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Thick Ada Binding for OpenGL

The package GL.Objects.Textures

Textures are basically images stored in OpenGL memory. They have tons of features, therefore this package is quite big.


Texture targets are defined in the package GL.Objects.Textures.Targets. The basic texture target type is Texture_Proxy. A texture proxy is something that has some method to create it in OpenGL memory, and you can then query its parameters. A pure texture proxy does not actually allocate any memory, but instead just tells you the dimensions and other attributes a texture would created with if you created it with the parameters you gave. So for example, if you call:


You can afterwards query the parameters a texture would have if you created it with:


You cannot bind a texture object to a pure proxy texture, only to an actual Texture_Target, which derives from Texture_Proxy. In the second code line from above, Texture_2D is such an actual texture target.

For cube map textures, there are special targets:


These are proxy textures as you cannot bind any texture to them, but you can actually create parts of the texture currently bound to


with them, so they are not pure proxy textures.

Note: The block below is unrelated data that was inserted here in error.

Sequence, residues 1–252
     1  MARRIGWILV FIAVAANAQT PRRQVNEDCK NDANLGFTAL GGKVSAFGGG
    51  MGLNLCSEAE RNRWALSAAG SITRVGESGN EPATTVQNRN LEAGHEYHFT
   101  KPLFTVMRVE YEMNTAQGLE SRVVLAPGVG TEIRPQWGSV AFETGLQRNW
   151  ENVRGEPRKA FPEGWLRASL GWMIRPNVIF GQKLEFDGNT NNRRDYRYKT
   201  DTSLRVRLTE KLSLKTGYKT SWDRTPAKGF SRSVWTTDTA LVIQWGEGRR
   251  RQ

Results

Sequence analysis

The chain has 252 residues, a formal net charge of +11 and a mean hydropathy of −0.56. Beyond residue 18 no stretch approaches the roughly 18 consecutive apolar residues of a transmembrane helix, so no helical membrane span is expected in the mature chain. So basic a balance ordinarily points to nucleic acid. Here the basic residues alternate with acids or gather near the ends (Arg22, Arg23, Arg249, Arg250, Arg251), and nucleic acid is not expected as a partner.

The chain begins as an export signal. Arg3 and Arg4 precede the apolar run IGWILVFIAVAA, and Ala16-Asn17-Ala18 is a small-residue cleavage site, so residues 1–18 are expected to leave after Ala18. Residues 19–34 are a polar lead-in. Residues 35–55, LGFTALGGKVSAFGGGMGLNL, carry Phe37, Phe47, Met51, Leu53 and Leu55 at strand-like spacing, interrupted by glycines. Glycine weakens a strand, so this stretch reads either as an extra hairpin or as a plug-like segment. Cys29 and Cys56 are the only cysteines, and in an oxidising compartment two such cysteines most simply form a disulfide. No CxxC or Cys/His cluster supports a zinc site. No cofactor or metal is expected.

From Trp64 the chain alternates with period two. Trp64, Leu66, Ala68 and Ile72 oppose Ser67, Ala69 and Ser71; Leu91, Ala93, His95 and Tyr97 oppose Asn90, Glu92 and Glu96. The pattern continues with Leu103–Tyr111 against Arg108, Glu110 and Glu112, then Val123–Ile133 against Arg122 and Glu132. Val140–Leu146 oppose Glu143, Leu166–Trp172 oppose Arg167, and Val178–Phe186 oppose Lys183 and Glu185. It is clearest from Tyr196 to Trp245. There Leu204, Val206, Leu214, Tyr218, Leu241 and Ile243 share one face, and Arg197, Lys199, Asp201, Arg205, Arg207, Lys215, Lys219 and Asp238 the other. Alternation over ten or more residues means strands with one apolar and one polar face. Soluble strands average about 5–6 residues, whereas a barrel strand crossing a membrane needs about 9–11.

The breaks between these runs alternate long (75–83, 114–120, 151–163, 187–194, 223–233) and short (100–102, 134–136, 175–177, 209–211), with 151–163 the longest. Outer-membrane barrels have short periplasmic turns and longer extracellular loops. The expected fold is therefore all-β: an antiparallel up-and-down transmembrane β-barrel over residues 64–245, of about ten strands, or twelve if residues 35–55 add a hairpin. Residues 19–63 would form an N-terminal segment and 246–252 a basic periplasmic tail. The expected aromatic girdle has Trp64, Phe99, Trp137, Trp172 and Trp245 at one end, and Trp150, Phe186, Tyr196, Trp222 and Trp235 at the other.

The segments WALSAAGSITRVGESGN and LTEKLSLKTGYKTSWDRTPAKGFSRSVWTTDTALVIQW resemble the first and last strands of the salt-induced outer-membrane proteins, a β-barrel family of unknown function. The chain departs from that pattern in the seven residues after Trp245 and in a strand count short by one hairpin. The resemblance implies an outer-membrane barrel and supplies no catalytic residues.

Note: The definition of Texture_Proxy and Texture_Target are currently fully exposed due to a bug in GNAT. Please use them as if they were indefinite private types; don’t instantiate own variables with these types.


As with all OpenGL objects, you first have to call Initialize_Id before you can use a texture object. Afterwards, you can bind it to any of the available texture targets (be aware that it depends on the OpenGL version of your OpenGL context which targets are available).

You can use the SOIL library which is an optional part of OpenGLAda to load image files into texture objects. Keep in mind that with the (deprecated) fixed pixel pipeline, you need to do

GL.Toggles.Enable (GL.Toggles.Texture_2D)

to use 2D textures, same for other texture types.